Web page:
Perhaps goofy antenna idea

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Jock Elliott
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Perhaps goofy antenna idea

Post by Jock Elliott »

On the Radio Reference forum, I asked a question about scanner antennas, one of the guys there kept nudging me to try the off-center-fed dipole -- https://wiki.radioreference.com/index.p ... Fed_Dipole -- and, with the help of a ham friend, I built one, and it works very well for general-purpose scanner use.

So, would it make any sense to build a scaled-up HF version of the off-center fed dipole? I have a 24-foot section of my house where I could hang one under a plastic gutter.

If so, what might be the length of the "arms"?

Cheers, Jock
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Andrew (grayhat)
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Re: Perhaps goofy antenna idea

Post by Andrew (grayhat) »

Jock Elliott wrote: Mon Sep 12, 2022 10:33 am On the Radio Reference forum, I asked a question about scanner antennas, one of the guys there kept nudging me to try the off-center-fed dipole -- https://wiki.radioreference.com/index.p ... Fed_Dipole -- and, with the help of a ham friend, I built one, and it works very well for general-purpose scanner use.

So, would it make any sense to build a scaled-up HF version of the off-center fed dipole? I have a 24-foot section of my house where I could hang one under a plastic gutter.

If so, what might be the length of the "arms"?

Cheers, Jock
Hi Jock, I'm puzzled at why they suggested you the OCFD, see... that antenna was born as a multiband one, in short, if one takes a dipole cut to resonance on (say) the 80m band (3.5MHz), feeding such a dipole at the center would result in an impedance around 60 Ohms, but if we then try using that dipole on (say) 14MHz the impedance will raise to something around 3000 Ohms, making it unusable on that band, but if we then move the feedpoint from center, we'll find that there's a "sweet spot" where, on harmonically related bands, the dipole present an impedance around 200 Ohms, this means that, by moving the dipole feedpoint off center and using a 4:1 transformer (BalUn) we'll be able to use the resulting "off center fed dipole" on multiple (not ALL !) bands (see here for further infos, but you can find more on the internet)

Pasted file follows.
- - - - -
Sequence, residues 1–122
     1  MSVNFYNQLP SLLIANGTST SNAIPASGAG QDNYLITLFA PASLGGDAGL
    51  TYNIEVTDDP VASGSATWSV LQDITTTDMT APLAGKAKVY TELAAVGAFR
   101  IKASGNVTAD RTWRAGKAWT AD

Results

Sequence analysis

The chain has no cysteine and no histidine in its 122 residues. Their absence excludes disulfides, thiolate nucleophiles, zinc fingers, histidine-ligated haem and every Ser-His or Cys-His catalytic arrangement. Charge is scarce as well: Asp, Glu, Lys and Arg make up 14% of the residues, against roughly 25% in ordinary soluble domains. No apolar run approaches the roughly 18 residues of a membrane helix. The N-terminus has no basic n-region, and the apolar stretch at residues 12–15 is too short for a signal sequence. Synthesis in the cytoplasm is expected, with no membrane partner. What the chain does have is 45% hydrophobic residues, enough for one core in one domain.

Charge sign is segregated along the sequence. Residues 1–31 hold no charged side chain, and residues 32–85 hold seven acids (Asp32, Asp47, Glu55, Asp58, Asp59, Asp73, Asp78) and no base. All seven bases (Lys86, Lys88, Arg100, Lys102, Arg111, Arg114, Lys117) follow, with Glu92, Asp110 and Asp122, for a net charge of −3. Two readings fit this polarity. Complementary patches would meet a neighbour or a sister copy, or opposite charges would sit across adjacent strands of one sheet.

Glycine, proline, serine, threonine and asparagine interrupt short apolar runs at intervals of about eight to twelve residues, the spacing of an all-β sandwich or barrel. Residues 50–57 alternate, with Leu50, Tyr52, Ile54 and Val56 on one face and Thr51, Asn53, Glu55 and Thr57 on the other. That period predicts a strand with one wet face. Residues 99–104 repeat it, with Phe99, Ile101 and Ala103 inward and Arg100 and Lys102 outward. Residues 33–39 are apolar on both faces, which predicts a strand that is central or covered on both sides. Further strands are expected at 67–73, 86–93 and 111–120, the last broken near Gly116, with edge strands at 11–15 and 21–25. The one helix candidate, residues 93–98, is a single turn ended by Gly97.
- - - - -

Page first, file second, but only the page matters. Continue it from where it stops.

Now, while for reception only the impedance matching becomes somewhat "secondary", using an OCFD as a scanner antenna may make sense if one is just interested in some harmonically related bands, otherwise there are other antennas which offer better matching and good performance, it mainly depends from the range of frequency one is interested in and from the available space to install an antenna

Getting back to the dipole, a non-resonant OCFD makes little sense, also since being non-resonant, moving the feedpoint offcenter makes really little sense, since we won't have the impedance matching advantage; now, as for picking an antenna, which frequency range/ranges are you interested into ?

Also, just to give you an idea, your 24ft section may allow to fit a linear loaded dipole, in such a case you'd have two equal length arms made using 3 conductors cable with the wires connected in series, that would give you a total of 72ft of wire "in the air" (ok, not exactly that given the interactions between the wires), add a BalUn at the feedpoint, an LNA covering the desired frequency range and you'll have a pretty nice RX antenna
13dka